BODY WORLDS GENEVA: CYCLE OF LIFE
GUNTHER VON HAGENS’ ANATOMICAL EXHIBITION
by Chené Koscielny
The controversial and macabre Body Worlds exhibition of dissected corpses preserved through plastination has made it to Geneva and I urge you: don’t miss it – and take your children!
I managed to see a version of this exhibition, which has fascinated 44 million people around the world, during a recent trip to California – and it made me understand and respect the human body like never before.
I loved the powerful way in which it confronts us with questions about our lifestyle choices and the potential impact on our bodies. Shocking? Sure – but in a good way. Smoking? Not for much longer after you’ve seen the real exhibit of a smoker’s lungs. Equally, a liver with full-blown cirrhosis doesn’t exactly want to make you reach for the wine glass.
As it turns out a few local politicians have been getting their ‘unterhosen’ into a knot about German scientist Gunther von Hagens’ exhibition of preserved corpses and body parts, some even threatening legal action to thwart the expo. The main criticism is disrespect for the dead.
Of course the idea of preserved corpses and body parts is shocking.
However, from a scientific point of view – these bodies have arguably done more to educate millions of people about the human body than libraries full of biology textbooks and countless health campaigns since the exhibition started.
WHAT YOU’LL SEE
Although the version I’ve seen called PULSE has a slightly different focus from the exhibit in Geneva, the principle is the same:
The Geneva exhibition is called CYCLE OF LIFE and depicts our journey from birth to death. Over 200 bodies and organs form part of the exhibition, which shows the complexity, resilience and vulnerability of the human body through anatomical studies of the body in distress, disease and optimal health.
Some examples of displays include a badminton player, a tightrope dancer and a horse rider. Each plastinate is posed to show different anatomical features. For instance, the athletic poses illustrate the use of muscle systems while playing sports.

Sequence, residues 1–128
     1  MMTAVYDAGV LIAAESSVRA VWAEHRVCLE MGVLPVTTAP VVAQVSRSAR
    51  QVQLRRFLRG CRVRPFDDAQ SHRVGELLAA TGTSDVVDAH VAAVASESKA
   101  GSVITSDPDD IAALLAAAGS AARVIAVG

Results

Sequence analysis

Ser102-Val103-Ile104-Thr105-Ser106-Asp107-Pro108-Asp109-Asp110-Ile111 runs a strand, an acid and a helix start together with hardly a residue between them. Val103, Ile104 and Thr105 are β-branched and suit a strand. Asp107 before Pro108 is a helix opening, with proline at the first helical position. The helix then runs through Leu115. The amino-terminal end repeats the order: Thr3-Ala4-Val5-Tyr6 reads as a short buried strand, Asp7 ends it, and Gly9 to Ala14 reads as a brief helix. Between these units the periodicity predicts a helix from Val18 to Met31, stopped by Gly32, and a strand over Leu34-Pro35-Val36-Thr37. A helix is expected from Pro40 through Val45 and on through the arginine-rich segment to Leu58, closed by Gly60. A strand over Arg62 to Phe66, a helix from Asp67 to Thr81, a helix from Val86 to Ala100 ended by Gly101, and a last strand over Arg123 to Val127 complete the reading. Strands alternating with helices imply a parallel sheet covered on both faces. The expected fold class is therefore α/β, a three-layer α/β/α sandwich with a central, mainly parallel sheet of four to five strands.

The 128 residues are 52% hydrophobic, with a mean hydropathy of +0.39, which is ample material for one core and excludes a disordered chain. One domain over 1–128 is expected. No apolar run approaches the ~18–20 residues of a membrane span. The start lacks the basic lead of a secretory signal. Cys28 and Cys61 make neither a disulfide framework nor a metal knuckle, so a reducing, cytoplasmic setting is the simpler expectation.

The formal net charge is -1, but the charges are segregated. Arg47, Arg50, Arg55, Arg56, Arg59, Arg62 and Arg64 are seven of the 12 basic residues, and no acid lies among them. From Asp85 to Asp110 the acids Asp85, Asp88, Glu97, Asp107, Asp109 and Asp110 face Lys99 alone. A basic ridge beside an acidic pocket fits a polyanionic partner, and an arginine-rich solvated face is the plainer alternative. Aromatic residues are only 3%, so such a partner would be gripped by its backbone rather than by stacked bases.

WHO SHOULD SEE IT?
Everyone in my opinion – but seriously anyone interested in biology, science or their own bodies.
Personally, I think this exhibit is great for children, from about 8 years and older, although official guidelines say suited to children from 12 years and up, unless accompanied by an adult.
WHERE DO THE SPECIMENS ON DISPLAY COME FROM?
The BODY WORLDS exhibitions rely on the generosity of body donors; individuals who requested that upon their death, their bodies could be used for educational purposes in the exhibition. None of their personal details are revealed in the exhibit. Currently there are more than 16,000 donors registered in the body donation program of the Institute for Plastination.
WHAT IS PLASTINATION?
Plastination is a unique process invented by Dr. Gunther von Hagens in 1977 to preserve specimens for medical education. The process replaces bodily fluids and fat in specimens with fluid plastics that harden after so-called vacuum-forced impregnation. After the bodies are shaped into lifelike poses, they are hardened with gas, heat, or light. The plastinates show how our bodies move in everyday life, as well as during athletic activities.
WHERE: Palexpo Halle 7
WHEN: 21st September 2017 until 7th January 2018
COST: From CHF16 – CHF25 – including audio guide. Tickets available at TICKETCORNER
OPENING TIMES: Tuesday to Sunday – 10am-7pm (last admissions at 5.30pm)
24th and 31st December from 10am – 4pm (last admissions at 2.30pm)
COPYRIGHT: Gunter von Hagens’ Body Worlds, Institute for Plastination, Heidelberg, Germany.
All rights reserved.